Slide Slide 50 Copyright © 2007 Pearson Education, Inc Publishing as Pearson Addison-Wesley. This scenario is a binomial distribution where: n = 14 p = 0.5 q = 0.5 Example Find the mean and standard deviation for the number of girls in groups of 14 births.

Slide Slide 51 Copyright © 2007 Pearson Education, Inc Publishing as Pearson Addison-Wesley. This scenario is a binomial distribution where n = 14 p = 0.5 q = 0.5 Using the binomial distribution formulas: µ = (14)(0.5) = 7 girls  = (14)(0.5)(0.5) = 1.9 girls (rounded) Example (cont)

Slide Slide 52 Copyright © 2007 Pearson Education, Inc Publishing as Pearson Addison-Wesley. Interpretation of Results Maximum usual values = µ + 2  Minimum usual values = µ – 2  It is especially important to interpret results. The range rule of thumb suggests that values are unusual if they lie outside of these limits:

Slide Slide 53 Copyright © 2007 Pearson Education, Inc Publishing as Pearson Addison-Wesley. For this binomial distribution, µ = 50 girls (n.p)   = 5 girls (n.p.q) ½ µ + 2  = 50 + 2(5) = 60 µ - 2  = 50 - 2(5) = 40 The usual number girls among 100 births would be from 40 to 60. So 68 girls in 100 births is an unusual result. Example Determine whether 68 girls among 100 babies could easily occur by chance.

Slide Slide 54 Copyright © 2007 Pearson Education, Inc Publishing as Pearson Addison-Wesley. Recap In this section we have discussed:  Mean,variance and standard deviation formulas for the any discrete probability distribution.  Interpreting results.  Mean,variance and standard deviation formulas for the binomial probability distribution.

Slide Slide 55 Copyright © 2007 Pearson Education, Inc Publishing as Pearson Addison-Wesley. Created by Tom Wegleitner, Centreville, Virginia Section 5-5 The Poisson Distribution

Slide Slide 56 Copyright © 2007 Pearson Education, Inc Publishing as Pearson Addison-Wesley. Key Concept The Poisson distribution is important because it is often used for describing the behavior of rare events (with small probabilities).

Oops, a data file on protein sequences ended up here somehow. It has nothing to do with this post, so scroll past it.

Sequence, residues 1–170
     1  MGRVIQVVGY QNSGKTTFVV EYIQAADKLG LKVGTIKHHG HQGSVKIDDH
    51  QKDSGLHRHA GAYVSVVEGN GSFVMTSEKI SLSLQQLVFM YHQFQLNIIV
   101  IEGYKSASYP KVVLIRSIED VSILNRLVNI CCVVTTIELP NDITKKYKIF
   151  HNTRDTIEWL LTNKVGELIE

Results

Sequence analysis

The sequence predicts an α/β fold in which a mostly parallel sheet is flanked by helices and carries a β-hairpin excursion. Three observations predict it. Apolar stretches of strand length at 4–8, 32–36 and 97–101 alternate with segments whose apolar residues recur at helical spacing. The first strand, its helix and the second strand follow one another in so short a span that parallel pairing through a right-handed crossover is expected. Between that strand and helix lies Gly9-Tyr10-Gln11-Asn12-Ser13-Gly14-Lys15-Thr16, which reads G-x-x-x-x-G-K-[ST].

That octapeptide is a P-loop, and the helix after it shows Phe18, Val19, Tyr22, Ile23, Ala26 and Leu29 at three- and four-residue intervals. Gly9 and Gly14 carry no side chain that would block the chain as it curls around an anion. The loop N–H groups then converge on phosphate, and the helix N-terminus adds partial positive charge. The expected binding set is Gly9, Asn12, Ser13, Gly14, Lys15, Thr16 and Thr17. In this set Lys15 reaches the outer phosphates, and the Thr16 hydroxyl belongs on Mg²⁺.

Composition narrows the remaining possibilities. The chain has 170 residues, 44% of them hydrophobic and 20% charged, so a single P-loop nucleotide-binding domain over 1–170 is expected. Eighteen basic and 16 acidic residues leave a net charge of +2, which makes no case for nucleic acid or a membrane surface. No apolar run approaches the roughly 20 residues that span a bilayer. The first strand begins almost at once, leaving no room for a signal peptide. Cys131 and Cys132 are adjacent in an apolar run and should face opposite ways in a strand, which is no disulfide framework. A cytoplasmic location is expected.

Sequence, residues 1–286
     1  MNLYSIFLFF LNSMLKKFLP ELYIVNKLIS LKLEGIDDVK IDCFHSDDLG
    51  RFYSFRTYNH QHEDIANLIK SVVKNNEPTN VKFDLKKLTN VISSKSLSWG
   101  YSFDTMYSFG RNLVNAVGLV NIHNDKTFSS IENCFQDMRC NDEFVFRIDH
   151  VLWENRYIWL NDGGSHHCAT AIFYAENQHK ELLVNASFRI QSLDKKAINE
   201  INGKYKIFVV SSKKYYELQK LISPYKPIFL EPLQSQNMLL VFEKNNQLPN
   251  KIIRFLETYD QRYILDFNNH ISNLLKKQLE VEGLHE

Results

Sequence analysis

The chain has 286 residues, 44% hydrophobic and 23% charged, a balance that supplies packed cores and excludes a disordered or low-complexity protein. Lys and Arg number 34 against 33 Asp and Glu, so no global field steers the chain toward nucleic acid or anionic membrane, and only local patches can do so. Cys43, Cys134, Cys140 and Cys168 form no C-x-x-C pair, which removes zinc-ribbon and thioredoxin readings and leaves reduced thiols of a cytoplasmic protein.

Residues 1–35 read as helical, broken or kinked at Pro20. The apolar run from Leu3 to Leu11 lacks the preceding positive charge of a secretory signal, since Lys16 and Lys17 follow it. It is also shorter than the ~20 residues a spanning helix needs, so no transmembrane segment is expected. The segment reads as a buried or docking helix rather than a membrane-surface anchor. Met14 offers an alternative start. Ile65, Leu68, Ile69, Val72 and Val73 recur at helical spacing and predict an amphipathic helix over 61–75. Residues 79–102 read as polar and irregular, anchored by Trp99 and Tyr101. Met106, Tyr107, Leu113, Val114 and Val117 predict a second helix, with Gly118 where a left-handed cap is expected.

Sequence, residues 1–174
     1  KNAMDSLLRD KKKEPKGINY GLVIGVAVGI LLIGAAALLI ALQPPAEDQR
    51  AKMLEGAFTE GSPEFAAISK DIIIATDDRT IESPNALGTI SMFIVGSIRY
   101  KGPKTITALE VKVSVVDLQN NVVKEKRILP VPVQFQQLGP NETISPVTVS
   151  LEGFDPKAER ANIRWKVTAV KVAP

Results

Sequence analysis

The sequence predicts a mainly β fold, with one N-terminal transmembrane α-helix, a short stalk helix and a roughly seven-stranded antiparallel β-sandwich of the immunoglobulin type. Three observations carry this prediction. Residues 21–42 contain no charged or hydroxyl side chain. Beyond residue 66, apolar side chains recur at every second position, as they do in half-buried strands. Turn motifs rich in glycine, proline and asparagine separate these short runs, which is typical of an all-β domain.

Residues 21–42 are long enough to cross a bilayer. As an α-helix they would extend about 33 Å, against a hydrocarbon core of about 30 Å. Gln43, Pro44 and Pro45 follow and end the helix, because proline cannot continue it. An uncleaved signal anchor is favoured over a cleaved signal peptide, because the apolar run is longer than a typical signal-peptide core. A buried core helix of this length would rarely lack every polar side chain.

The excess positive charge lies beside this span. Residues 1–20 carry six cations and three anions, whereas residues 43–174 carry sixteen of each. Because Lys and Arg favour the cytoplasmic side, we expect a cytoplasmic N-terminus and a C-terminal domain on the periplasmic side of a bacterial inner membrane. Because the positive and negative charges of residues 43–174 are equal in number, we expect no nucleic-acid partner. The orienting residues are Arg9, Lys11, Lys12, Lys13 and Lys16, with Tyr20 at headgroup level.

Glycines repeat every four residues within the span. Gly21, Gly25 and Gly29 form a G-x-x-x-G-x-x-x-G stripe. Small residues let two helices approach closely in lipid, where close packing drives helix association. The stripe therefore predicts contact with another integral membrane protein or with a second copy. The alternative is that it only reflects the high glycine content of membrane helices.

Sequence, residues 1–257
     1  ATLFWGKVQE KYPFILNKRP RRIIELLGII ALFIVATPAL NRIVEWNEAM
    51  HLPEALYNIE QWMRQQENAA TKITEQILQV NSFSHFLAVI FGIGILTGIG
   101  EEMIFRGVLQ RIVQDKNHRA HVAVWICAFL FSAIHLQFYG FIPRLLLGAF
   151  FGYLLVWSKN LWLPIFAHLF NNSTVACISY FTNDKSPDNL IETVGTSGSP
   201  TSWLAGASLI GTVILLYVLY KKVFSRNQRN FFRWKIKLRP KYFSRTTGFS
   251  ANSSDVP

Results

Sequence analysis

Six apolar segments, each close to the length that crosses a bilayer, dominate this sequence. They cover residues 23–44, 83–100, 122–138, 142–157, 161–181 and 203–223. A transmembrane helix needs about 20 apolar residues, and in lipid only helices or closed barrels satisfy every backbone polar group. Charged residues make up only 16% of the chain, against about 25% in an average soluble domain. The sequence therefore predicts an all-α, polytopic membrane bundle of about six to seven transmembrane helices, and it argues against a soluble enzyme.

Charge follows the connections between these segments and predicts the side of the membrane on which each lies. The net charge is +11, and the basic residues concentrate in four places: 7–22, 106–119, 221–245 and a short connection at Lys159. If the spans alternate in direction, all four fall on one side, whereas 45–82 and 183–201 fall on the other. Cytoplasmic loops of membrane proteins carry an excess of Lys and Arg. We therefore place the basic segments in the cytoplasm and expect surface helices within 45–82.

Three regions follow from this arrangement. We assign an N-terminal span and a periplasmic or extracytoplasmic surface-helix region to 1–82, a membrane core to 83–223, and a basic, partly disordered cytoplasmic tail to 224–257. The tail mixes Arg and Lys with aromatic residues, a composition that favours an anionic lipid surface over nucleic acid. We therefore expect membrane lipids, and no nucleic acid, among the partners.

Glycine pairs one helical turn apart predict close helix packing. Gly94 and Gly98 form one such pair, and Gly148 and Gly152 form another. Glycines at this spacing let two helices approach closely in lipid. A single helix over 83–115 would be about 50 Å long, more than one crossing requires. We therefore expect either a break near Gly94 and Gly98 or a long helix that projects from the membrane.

Slide Slide 57 Copyright © 2007 Pearson Education, Inc Publishing as Pearson Addison-Wesley. Definition The Poisson distribution is a discrete probability distribution that applies to occurrences of some event over a specified interval. The random variable x is the number of occurrences of the event in an interval. The interval can be time, distance, area, volume, or some similar unit. P(x) = where e  2.71828 µ x e -µ x!x! Formula

Slide Slide 58 Copyright © 2007 Pearson Education, Inc Publishing as Pearson Addison-Wesley. Poisson Distribution Requirements  The random variable x is the number of occurrences of an event over some interval.  The occurrences must be random.  The occurrences must be independent of each other.  The occurrences must be uniformly distributed over the interval being used. Parameters  The mean is µ.  The standard deviation is  = µ.

Slide Slide 59 Copyright © 2007 Pearson Education, Inc Publishing as Pearson Addison-Wesley. Difference from a Binomial Distribution The Poisson distribution differs from the binomial distribution in these fundamental ways:  The binomial distribution is affected by the sample size n and the probability p, whereas the Poisson distribution is affected only by the mean μ.  In a binomial distribution the possible values of the random variable x are 0, 1,... n, but a Poisson distribution has possible x values of 0, 1,..., with no upper limit.